Summer Book Study: Goals 3 and 4

This post contains affiliate links.

Happy Friday! As I'm writing this, I'm reflecting on goals three and four of The Reading Strategies Book while listening to a thunderstorm. Something about reading a book you love while listening to rain just makes me so happy!

As I make my way rereading this book, I keep changing my mind on which goal is my favorite!  For today, I'll say that goal three is my favorite, but I'll probably change my mind by next week! :)  Goal three is Supporting Print Work and Serravallo talks about how children must learn to "juggle" three sources of information, which are meaning, syntax, and visual.   Just like juggling anything, it takes a lot of practice!

So many of the strategies for goal three are so effective with the students I'm used to teaching, who are at levels A-D.  Even though I had learned about several of the strategies Serravallo mentions in this section, it's always so helpful to read about them again and remind myself the why behind what the strategy is intended to teach.  Serravallo's lesson language and prompts are really helpful, too!

Here are a few of my favorite strategies:

Strategy 3.1: Check the Picture for Help

I feel like one of my most-used phrases as a kindergarten teacher during guided reading has always been, "Check the picture."  It seems like such a simple thing, but it's essential for young readers to understand that the pictures really are there to help them!  I think a huge part of forming young readers is helping them realize that the texts we choose for them are designed to help them, and one of the biggest ways is that we choose texts with strong picture support.  When I created these sight word mini books for my daughter, I knew that they would only be effective if they featured images that matched the text.  When we use these books, we work on looking at the picture even before putting a finger down to the first word.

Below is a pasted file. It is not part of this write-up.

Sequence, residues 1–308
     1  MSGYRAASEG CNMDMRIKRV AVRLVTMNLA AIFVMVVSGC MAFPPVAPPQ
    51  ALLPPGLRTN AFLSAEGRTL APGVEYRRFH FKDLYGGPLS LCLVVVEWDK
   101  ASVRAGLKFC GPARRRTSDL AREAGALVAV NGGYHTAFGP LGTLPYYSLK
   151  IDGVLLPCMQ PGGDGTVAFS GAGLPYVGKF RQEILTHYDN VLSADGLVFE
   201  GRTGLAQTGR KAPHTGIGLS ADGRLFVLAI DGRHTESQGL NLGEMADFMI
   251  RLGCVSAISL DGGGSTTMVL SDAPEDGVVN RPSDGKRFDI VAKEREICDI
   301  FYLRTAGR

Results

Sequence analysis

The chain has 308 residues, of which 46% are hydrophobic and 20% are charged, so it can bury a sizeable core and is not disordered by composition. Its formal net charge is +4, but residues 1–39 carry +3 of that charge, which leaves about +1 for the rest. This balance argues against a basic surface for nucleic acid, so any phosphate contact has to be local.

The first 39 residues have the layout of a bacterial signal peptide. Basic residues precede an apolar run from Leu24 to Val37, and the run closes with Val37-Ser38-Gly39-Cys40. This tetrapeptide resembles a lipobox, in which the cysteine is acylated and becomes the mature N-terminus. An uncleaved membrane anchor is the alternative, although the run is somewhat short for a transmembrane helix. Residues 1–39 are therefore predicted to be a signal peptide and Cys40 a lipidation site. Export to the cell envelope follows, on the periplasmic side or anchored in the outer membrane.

Strategy 3.18: Cover and Slide

This is a strategy for slightly more independent readers (levels E-Z+) and it helps them when they're reading an unfamiliar word part by part.  It helps them to cover up the word and then slide their finger or hand across the word.  They'll focus on the first part, then slowly slide across to focus on the parts individually.  Finally, they'll put it all together.  This strategy is a great reason to teach blends and word chunks!

Strategy 3.20: Skip and Return

This is a strategy that I've been able to use with some of my more advanced kindergarteners.  When a child is really stuck on a word, it can be relieving to him or her to know that it's okay to skip it and come back!  Reading the rest of the sentence gives us more meaning that we can use to help decode the tricky word.  

When I was in college, I feel like fluency was difficult for me to understand.  It wasn't until I student taught with 2nd and 4th graders that I really began to understand the importance and idea of fluency. Here are a few of my favorite strategies for fluency:

Strategy 4.6: Punctuation at the End of a Sentence

This strategy reminds students to pay attention to the ending punctuation.  I've always loved working with my students on punctuation because of the way they raise their voices when they read a question!  

Strategy 4.11: Make Your Voice Match the Feeling

With this strategy, encourage your students to think about how the character is feeling.  This is a great strategy to model first during a read aloud.  One of my favorite book series is the Pigeon series by Mo Willems, and I think that any of those books would be great for modeling this!  

Fluency Phone for Feedback

If you use fluency phones, then you know how much students love them!  I love that they are great for allowing the student to really focus on how their voice sounds when they read.  During guided reading, I always have my students whisper read and these help them not get so distracted by everyone else's reading.  You can use some of the prompts Serravallo suggests, such as, "Really try to hear yourself." (Pg. 119, The Reading Strategies Book)  The first few times they use the phones it might seem silly, but if you use prompts and help your students really focus, they can be very effective!  I have these Toobaloo phones, but you can find tutorials online for making them out of PVC piping!

Thanks so much for taking a few minutes to read my thoughts and favorite strategies!  Be sure to check out the other blogs that have linked up with Teaching Little Miracles!


  1. Hi, Katie! I also love using fluency phones. It is such an easy way for students to hear how they are sounding and agree it also helps decrease distractions.

  2. Hi Katie! I had a hard time picking my favorite strategies this time--there were so many great ones! I love the skip and come back strategy, and you are absolutely right about kids needing to be told that it is okay to do. :-)


  3. I appreciated what you said about actually using the phones in your classroom (this was a new concept to me) and seeing the efficacy in them. We might try using those next year!